I was excited to dig in – a whodunit, yea!  …except that we learn who the culprit is early on.  Heck, his name is in the first few lines of the jacket copy.  From there we could have gone down one of several paths – a why-dun-it, a how-dun-it, or a how-they-caught-him-…it.  But instead of picking one and committing Bhattacharjee gives us a little of each, and that lack of a single driving force made the read fall a bit flat for me overall.

Listening to the audiobook didn’t help, either, as alphanumeric code gibberish doesn’t translate well to the spoken word.  I got the sense that if the ciphers were laid out on a page it would all come together but in my ears it remained largely incomprehensible.

So… ‘Danger tonight’ would be enciphered as four dot one dot fourteen dot seven dot five dot eighteen star twenty dot fifteen dot fourteen dot nine dot seven dot eight dot twenty.

@_@

Not the narrator’s fault, not anyone’s fault, but it did make some parts tough going.

Overall the story is interesting and at 1.8 speed it’s a quick and fun listen, but while serviceable it didn’t tip over into awesome.  If you’re into codes or espionage you’ll want to give The Spy Who Couldn’t Spell a go, but do yourself a favor and stay away from the audiobook.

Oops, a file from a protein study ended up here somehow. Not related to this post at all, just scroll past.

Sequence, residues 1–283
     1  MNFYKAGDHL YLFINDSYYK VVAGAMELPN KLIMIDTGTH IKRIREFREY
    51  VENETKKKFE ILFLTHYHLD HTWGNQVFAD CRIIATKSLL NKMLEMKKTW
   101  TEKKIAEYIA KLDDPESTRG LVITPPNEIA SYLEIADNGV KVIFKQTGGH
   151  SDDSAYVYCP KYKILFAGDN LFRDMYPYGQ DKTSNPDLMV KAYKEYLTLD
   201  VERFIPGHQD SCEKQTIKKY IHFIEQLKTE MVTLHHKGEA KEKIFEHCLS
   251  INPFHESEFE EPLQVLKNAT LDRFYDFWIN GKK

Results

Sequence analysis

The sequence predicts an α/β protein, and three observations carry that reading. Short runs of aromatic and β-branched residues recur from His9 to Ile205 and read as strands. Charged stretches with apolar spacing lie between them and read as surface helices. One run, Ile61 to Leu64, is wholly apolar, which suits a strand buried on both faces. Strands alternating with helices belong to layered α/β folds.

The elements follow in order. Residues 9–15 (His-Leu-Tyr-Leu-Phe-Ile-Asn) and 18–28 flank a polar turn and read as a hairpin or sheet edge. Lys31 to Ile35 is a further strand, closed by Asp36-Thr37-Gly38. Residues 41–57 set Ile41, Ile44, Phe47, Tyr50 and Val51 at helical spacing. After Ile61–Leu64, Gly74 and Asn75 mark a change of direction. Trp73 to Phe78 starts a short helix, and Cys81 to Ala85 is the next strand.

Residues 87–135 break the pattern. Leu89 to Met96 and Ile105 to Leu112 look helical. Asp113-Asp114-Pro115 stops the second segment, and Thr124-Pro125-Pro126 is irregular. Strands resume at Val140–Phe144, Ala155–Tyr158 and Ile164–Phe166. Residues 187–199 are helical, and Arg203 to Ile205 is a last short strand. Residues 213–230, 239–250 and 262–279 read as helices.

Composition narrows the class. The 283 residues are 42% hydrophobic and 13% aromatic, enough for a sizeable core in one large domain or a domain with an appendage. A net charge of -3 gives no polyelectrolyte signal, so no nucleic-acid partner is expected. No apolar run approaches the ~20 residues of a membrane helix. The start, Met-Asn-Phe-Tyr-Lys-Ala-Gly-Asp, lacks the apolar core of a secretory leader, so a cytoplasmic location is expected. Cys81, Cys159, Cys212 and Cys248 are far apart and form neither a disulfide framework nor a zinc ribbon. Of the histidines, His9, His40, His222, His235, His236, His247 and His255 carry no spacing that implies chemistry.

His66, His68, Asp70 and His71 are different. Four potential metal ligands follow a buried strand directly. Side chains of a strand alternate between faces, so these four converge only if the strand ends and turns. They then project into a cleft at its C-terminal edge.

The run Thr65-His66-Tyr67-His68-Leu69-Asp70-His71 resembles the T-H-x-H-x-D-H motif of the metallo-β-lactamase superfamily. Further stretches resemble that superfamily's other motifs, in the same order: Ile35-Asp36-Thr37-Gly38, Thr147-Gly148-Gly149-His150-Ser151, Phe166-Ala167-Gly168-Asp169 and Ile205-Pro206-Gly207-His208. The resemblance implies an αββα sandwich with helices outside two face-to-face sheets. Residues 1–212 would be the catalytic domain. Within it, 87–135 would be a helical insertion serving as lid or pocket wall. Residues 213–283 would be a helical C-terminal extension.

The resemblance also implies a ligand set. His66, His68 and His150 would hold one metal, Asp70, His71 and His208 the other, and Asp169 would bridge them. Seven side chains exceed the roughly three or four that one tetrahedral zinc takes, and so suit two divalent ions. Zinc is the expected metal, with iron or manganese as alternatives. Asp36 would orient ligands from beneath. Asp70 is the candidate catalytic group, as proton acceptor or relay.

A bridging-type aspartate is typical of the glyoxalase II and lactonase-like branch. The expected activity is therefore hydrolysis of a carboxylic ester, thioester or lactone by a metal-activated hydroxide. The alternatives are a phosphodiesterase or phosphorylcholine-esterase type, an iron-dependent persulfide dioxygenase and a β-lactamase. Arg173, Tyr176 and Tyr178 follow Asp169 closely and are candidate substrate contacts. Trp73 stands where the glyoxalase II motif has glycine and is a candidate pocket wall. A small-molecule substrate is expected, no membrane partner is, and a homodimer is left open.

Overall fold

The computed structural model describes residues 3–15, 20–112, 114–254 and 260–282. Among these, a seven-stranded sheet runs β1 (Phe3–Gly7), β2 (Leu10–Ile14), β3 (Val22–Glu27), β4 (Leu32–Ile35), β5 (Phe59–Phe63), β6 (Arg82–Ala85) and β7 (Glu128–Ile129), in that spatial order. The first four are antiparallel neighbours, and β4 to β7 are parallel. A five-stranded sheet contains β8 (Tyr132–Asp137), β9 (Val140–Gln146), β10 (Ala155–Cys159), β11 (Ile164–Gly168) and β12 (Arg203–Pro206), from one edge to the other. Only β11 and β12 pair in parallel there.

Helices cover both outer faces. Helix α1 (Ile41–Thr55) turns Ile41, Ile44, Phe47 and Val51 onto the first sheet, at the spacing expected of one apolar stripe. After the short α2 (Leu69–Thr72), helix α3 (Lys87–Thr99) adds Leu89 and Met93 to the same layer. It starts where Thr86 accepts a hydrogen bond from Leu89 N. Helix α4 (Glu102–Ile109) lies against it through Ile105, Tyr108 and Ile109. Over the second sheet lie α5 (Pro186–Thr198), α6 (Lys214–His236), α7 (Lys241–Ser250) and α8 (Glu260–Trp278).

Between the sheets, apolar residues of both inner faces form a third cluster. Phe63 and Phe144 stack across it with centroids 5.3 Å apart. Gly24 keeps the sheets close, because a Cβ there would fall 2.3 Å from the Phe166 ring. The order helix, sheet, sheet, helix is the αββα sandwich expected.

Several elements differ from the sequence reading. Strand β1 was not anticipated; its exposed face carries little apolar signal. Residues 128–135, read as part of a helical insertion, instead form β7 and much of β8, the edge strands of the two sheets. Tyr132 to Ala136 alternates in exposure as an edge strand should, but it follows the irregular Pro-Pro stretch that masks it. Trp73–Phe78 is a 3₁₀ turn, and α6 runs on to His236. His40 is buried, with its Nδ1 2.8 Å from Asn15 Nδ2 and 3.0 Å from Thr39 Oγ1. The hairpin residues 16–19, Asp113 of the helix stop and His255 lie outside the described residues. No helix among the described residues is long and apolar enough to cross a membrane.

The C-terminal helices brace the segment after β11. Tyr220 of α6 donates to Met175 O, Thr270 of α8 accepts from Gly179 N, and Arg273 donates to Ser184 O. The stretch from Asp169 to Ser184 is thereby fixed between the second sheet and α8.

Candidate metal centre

Banthology: Stories from Unwanted Nations ed. by Sarah Cleave

39737311Reading can be an escape, something transportative that takes you to different countries, cultures and states of mind.  It can take you to all the places that Donald Trump doesn’t want you to go.
(introduction)

Huzzah for Deep Vellum bringing this book to the US – it highlights stories we need to hear. Writers from Iran, Iraq, Syria, Yemen, Somalia, Sudan, and Libya were “asked to develop a fictional response to Trump’s discriminatory ban, exploring themes of exile, travel, and restrictions on movement”.  The resulting short stories, all in translation, range from realistic to fantastic.

I ended up reading each story in one gulp, often while on the train to work.  When I got to the end I’d sit with it while the landscape slid past – people are going through this.  It’s fiction, but it’s real.  Even the most fantastic stories have an air of ‘lying to tell the truth’, using unbelievable circumstances to skewer reality.  All but one use first person, holding us close, refusing any comfort afforded by distance.